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Home > Cats > Cat Breeds > European Shorthair Cat: Info, Traits & Pictures

European Shorthair Cat: Info, Traits & Pictures

European Shorthair Cat

The blue-blooded relative of the common European house cat, the European shorthair is one of the oldest and most popular European cat breeds. They originated in Sweden but are descended from ancient Roman barn cats that befriended Roman soldiers.

Loyal and loving, they are affectionate and playful with their families but territorial and shy around strangers. With a medium-sized, muscular build, they love to hunt and stay active. They have round faces with striking eyes, a soft belly that can get a bit of a pooch, and they come in a variety of colors.

Breed Overview


9–11 inches


12–15 pounds


15–20 years


Brown, sable, cinnamon, lavender, silver, fawn, blue, gray, black, cream, beige, white, tan, lilac, red, orange

Suitable for:

First-time pet owners, families with kids and dogs


Social and affectionate, easy to train, territorial, good hunter, loyal, can be alone but enjoys attention, shy with strangers

Because they have a broad genetic background, European Shorthair cats can have varying personalities and temperaments, but their generally adaptable, friendly nature makes them an ideal choice for families and new pet owners.

Read on to learn more about why these fun-loving, beautiful cats could make such a great addition to your home and your lap.

European Shorthair Cat Characteristics

High-energy cat will need a lot of mental and physical stimulation to stay happy and healthy, while low-energy cats require minimal physical activity. It’s important when choosing a cat to make sure their energy levels match your lifestyle or vice versa.
Easy-to-train cats are more willing and skilled at learning prompts and actions quickly with minimal training. Cats that are harder to train are usually more stubborn and will require a bit more patience and practice.
Some cat breeds are prone to certain genetic health problems, and some more than others. This doesn’t mean that every cat will have these issues, but they have an increased risk, so it’s important to understand and prepare for any additional needs they may require.
Some breeds, due to their size or their breeds' potential genetic health issues, have shorter lifespans than others. Proper exercise, nutrition, and hygiene also play an important role in the lifespan of your pet.
Some cat breeds are more social than others, both towards humans and other animals. More social cats have a tendency to rub up on strangers for scratches, while less social cats shy away and are more cautious, even potentially aggressive. No matter the breed, it’s important to socialize your cat and expose them to lots of different situations.


European Shorthair Kittens

Black and white European Shorthair on fall leaves
Image Credit: New Mindflow, Shutterstock

If you’re on the hunt for your own furry ball of joy, you shouldn’t have to spend an exorbitant amount—even though this cat breed is rare outside of Europe. You may get lucky and find one at your local shelter. In that case, they would have already been examined, vaccinated, and spayed or neutered for you.

When you welcome a European Shorthair kitten into your home, be ready to have a loyal cat by your side. They enjoy human company but they can also be quite independent. These cats are easy to care for, making them a great choice for first-time cat owners. Keep reading the European Shorthair’s full care guide to know what type of diet, exercise, and grooming they need!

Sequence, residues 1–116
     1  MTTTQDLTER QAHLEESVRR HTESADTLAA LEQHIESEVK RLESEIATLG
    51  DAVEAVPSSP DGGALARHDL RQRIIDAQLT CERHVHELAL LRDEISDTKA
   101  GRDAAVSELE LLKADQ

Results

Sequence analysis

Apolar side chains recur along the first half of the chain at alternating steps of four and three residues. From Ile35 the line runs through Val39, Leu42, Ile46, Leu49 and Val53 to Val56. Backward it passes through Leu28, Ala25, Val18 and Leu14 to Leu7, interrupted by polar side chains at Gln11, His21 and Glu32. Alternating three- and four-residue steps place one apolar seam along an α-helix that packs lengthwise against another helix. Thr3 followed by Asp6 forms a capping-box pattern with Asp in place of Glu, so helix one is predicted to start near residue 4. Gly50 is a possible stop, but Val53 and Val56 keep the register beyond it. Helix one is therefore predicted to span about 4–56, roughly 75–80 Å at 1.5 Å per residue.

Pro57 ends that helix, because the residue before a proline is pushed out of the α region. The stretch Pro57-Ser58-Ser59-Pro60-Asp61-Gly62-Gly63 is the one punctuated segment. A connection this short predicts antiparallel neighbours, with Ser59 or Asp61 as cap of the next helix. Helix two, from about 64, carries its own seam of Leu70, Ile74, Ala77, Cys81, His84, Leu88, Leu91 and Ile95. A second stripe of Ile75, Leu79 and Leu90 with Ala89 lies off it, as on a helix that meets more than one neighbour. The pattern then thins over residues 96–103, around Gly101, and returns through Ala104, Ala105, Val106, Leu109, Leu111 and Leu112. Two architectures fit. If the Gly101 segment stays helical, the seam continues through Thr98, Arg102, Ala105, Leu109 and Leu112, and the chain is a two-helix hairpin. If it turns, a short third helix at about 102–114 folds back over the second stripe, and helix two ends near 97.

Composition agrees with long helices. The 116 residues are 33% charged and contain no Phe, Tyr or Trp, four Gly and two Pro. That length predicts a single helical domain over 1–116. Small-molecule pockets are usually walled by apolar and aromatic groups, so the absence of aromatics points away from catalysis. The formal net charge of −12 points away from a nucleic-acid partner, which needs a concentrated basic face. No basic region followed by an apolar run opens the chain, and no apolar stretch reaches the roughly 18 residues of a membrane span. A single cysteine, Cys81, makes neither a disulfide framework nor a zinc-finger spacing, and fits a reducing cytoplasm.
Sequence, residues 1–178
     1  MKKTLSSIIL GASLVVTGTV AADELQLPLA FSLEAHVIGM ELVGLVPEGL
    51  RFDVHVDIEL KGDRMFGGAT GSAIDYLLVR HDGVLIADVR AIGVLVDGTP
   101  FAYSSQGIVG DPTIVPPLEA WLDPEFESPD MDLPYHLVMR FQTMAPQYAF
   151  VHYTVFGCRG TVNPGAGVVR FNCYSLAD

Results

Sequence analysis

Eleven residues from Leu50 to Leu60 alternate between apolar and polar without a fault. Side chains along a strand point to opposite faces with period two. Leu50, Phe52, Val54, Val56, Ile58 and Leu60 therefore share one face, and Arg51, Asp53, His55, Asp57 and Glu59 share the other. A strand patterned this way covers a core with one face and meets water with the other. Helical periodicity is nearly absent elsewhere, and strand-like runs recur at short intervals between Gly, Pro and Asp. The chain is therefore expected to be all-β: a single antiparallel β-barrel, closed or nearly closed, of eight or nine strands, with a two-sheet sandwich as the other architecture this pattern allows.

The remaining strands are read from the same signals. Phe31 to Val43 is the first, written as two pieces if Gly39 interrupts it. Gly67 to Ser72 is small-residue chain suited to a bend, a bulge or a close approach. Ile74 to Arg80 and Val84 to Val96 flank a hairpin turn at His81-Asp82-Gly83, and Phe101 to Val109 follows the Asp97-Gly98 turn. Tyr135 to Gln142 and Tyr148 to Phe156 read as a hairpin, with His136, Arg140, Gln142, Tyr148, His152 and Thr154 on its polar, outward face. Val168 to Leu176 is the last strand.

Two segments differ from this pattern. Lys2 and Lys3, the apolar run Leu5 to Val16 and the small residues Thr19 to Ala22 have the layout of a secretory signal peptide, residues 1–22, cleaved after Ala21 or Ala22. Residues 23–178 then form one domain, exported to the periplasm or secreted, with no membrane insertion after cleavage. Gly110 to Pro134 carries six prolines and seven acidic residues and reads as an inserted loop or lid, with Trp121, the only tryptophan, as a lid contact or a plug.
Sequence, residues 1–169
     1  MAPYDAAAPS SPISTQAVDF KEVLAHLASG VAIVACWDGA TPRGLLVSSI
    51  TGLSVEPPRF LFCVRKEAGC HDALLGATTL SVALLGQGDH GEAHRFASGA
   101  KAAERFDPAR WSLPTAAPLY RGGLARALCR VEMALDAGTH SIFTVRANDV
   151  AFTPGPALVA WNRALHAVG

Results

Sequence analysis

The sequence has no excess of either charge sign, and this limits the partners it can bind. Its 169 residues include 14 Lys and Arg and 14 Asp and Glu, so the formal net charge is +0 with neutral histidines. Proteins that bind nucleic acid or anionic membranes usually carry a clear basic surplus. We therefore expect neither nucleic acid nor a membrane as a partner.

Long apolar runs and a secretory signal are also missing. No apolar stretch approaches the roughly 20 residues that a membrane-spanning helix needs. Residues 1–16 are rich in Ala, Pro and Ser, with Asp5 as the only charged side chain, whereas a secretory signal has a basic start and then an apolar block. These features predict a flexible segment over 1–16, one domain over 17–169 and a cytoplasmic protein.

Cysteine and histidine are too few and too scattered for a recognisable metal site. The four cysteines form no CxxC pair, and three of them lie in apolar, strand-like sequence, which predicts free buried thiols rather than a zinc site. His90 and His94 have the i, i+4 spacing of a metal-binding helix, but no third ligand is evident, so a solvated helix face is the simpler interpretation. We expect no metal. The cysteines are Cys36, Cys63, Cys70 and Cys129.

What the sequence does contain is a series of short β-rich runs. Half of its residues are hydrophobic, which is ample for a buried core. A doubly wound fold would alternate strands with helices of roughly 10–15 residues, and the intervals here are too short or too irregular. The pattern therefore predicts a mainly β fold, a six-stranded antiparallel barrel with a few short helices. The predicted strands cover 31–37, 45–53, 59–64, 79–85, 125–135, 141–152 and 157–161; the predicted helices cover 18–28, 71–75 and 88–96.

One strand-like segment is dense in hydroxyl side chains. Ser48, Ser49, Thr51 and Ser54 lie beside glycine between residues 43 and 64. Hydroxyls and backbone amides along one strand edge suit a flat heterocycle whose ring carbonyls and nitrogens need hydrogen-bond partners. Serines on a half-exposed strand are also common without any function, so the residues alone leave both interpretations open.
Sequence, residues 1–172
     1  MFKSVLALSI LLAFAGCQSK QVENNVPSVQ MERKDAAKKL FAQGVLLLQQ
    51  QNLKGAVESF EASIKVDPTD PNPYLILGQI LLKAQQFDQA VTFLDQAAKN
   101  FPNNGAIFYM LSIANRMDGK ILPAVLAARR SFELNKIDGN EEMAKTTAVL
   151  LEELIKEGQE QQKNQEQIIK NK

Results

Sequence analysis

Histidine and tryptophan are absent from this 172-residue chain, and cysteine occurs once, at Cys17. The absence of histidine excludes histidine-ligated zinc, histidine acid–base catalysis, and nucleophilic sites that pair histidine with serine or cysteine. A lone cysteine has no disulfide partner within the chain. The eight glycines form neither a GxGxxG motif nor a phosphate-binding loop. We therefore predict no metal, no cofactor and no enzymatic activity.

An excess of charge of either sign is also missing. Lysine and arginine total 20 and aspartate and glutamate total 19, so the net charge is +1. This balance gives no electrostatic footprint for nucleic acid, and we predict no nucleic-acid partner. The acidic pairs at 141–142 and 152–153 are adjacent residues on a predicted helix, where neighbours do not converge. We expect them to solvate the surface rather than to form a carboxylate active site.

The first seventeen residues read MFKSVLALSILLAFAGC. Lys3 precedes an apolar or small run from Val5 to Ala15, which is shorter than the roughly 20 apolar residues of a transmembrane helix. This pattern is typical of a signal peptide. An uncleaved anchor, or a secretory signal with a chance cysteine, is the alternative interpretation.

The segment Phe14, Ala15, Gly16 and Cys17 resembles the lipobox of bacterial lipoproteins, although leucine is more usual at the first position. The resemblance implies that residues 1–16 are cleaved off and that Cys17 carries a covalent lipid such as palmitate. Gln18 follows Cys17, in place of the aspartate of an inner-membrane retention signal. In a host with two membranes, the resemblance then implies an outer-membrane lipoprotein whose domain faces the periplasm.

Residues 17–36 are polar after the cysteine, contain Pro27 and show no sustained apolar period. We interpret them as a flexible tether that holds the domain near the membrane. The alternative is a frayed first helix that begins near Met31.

Temperament & Intelligence of the European Shorthair

The European Shorthair cat is known for its versatility and ability to fit into a variety of living environments, making them ideal for families, singles, apartments, and farms. Nowhere is their high intelligence more evident than in their ability to make the most of their living situation.

Personalities can vary between cats from outgoing and personable to shy and reserved. Some love to play and socialize, and some take longer to warm up to their family. But even if it takes a bit more time, many European Shorthair cats develop deep, lasting bonds with their owners.

They are the ideal outdoor/indoor cat due to their explorative nature and love of the outdoors. Because they are descended from barn cats, they are naturally comfortable having the freedom to go out and hunt. Since this can be dangerous for house cats, many owners set up a perch near a window so their cats can enjoy watching what’s happening outside.

Even if yours is strictly an indoor cat, be careful not to leave the house door open because they will most likely venture through to see what’s on the other side.

european shorthair cat close-up
Image Credit By: Nennieinszweidrei, Pixabay

Are These Cats Good for Families? 👪

Yes! With its adaptability and social nature, the European Shorthair is an ideal cat for families. They get along with people of all ages and don’t get upset by changes in their environment. If you’re looking for a cat that will enjoy snuggling in your lap as well as time by themself, then the European Shorthair is the one to get.

If you have young children, they must know how to treat a cat. If they are calm and treat the cat gently, the cat will most likely bond and be as loyal to them as to the adults. If a child treats them roughly, they’ll distance themselves and keep away.

A family can also be ideal for a European Shorthair because of the multiple people to interact and play with. Beyond the physical activity, the different relationships would stimulate their intelligence and keep them interested in what goes on in the home.

Does This Breed Get Along with Other Pets?

One of the most appealing qualities of the European Shorthair is their adaptable nature when it comes to other pets in their home.